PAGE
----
11:37 am Jul. 18, 2012
Welcome to Assessment: an occasional tour through the fights, critical squabbles, and obsessions of the Internet culture machine.
The embargo on reviews of The Dark Knight Rises, the third and final installment of director Christopher Nolan’s Batman trilogy, was finally lifted on Sunday.
And though the film doesn't open until Friday, a flood of impassioned commentary—much of it by people who haven't seen the film—has been surging across every corner of the Web, studded with spoiler alerts, arcane Batman trivia, conspiracy theories, and some hopeful speculation as to whether this may be the greatest superhero movie ever made.
Until Sunday, fans were forced to subsist on news items like the revelation that Nolan was partly inspired by Charles Dickens’s A Tale of Two Cities.
But by Monday, a pair of negative reviews—one by Christy Lemire of The Associated Press, who called it “overloaded” and “sadly lacking the spark” of 2008’s The Dark Knight, and another by blogger and critic Marshall Fine, who found it the “weakest” of the three most recent Batman films—triggered death threats on the review aggregation site Rotten Tomatoes. The site temporarily suspended user comments.
It also banned critic and blogger Eric D. Snider for posting a negative review without having watched the movie. "The Dark Knight Rises is easily the most disappointing Batman film so far,” he wrote.
On Monday, Matt Atchity, editor-in-chief of Rotten Tomatoes, posted a candid letter politely imploring commenters to not be “a dick.”
“Even if you think someone else is being a dick," he added. "Just take a deep breath, step away from the computer, and maybe go for a walk.”
The Tomatometer currently lists the Dark Knight Rises at 86 percent (positive), qualifying it as "Fresh." Big-name critics seem to agree.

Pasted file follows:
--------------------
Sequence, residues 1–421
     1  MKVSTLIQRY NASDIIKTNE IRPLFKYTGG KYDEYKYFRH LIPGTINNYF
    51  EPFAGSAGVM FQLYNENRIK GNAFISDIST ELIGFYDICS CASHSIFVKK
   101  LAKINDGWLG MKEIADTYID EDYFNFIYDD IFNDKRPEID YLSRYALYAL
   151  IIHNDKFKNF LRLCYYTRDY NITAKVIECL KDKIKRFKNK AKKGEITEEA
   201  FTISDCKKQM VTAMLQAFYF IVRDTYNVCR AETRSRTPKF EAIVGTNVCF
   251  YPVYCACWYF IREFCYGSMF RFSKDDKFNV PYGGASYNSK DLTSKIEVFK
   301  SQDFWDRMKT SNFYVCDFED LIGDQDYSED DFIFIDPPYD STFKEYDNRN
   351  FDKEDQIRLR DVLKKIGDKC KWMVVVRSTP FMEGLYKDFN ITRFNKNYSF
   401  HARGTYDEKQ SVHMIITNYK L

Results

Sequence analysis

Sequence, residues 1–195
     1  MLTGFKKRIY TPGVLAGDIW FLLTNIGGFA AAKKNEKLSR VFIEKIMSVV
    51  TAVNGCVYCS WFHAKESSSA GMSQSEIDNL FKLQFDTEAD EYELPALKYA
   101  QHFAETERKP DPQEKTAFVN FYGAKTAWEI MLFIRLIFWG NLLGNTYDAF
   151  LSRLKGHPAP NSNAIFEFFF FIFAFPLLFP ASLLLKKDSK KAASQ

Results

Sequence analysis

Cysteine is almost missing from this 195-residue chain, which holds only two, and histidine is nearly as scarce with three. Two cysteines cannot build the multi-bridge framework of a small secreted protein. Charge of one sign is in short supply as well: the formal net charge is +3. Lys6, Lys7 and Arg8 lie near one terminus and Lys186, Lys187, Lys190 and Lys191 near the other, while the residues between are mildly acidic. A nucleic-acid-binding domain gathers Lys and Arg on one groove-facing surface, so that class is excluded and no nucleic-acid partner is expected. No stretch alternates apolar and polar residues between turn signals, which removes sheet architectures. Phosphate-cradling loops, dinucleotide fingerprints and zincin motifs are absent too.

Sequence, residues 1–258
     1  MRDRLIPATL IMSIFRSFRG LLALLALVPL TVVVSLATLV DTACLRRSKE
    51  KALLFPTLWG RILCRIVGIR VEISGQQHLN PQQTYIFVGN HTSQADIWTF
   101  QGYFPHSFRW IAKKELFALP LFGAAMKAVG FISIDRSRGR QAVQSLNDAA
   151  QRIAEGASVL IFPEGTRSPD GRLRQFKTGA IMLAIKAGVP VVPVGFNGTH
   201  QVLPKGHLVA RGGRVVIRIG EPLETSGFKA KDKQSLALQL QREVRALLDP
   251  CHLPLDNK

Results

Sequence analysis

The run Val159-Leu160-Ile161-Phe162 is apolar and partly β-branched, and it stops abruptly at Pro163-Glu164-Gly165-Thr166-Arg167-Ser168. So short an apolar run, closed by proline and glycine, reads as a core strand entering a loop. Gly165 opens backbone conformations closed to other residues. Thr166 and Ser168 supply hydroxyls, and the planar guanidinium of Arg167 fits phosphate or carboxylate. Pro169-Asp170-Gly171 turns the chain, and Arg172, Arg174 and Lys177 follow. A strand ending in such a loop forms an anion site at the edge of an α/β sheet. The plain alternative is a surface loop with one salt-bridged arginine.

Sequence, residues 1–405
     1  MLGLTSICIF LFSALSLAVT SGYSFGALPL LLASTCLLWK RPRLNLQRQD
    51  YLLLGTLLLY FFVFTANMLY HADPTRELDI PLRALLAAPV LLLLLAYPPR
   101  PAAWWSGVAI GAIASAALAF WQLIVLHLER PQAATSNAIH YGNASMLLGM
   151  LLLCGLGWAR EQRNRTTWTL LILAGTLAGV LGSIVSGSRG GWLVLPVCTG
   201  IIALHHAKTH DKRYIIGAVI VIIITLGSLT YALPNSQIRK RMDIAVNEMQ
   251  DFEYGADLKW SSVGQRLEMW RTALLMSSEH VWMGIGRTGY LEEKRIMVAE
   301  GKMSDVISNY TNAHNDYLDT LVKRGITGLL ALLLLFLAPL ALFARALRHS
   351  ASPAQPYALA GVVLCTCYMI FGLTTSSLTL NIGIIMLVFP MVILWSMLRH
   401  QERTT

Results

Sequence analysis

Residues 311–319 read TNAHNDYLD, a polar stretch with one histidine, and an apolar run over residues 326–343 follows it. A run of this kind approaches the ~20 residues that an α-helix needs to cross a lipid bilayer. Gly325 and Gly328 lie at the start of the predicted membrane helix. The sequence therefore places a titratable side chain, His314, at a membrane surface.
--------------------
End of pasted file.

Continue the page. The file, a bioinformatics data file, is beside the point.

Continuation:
Richard Corliss, chief film critic for Time, described the film as "maybe the best … of all the superhero movies” and a “modern equivalent to Greek myths or a Jonathan Swift satire.”
Hollywood Reporter’s Todd McCarthy called it “massively accomplished.”
In a rave review, Todd Gilchrist of IndieWire gave it an "A,' calling it nothing less than “critically important for America itself.” In a bold move, he rated Anne Hathaway’s Catwoman higher than Michelle Pfeiffer’s slinky 1992 Batman Returns version.
Some critics have touched on the film's potential political undertones. Noting that Christopher Nolan spent time shooting footage of Occupy Wall Street protesters last year, Newsweek wondered whether Batman has turned elistist, or if he remains part of the 99 percent.
Rush Limbaugh took Nolan to task for his choice of villain names (in that "Bane" sounds like "Bain"), charging that The Dark Knight Rises is in fact an anti-Mitt Romney conspiracy.
"Do you think that it is accidental that the name of the really vicious, fire-breathing, four-eyed, whatever-it-is villain in this movie is named Bane?" he asked. Many outlets were quick to point out that the villain first appeared in comic books in 1993, under President Clinton.
At The Atlantic, Andy Isaacson told the story of Michael Uslan, the man who almost single-handedly restored Batman’s image from its seeming resting-place of Adam West-and-Warhol camp to the “shadowy creature that stalked criminals under darkness,” as DC Comics' Bob Kane and Bill Finger had first imagined him back in 1939.
It’s worth mentioning, in this time of cape-saturation, that Uslan’s pitch for what became the 1989 blockbuster Batman was rejected by every Hollywood studio. These rejections, as Uslan wrote in his memoir The Boy Who Loved Batman, “were more along the line of 'This is the worst idea we've ever heard.’”
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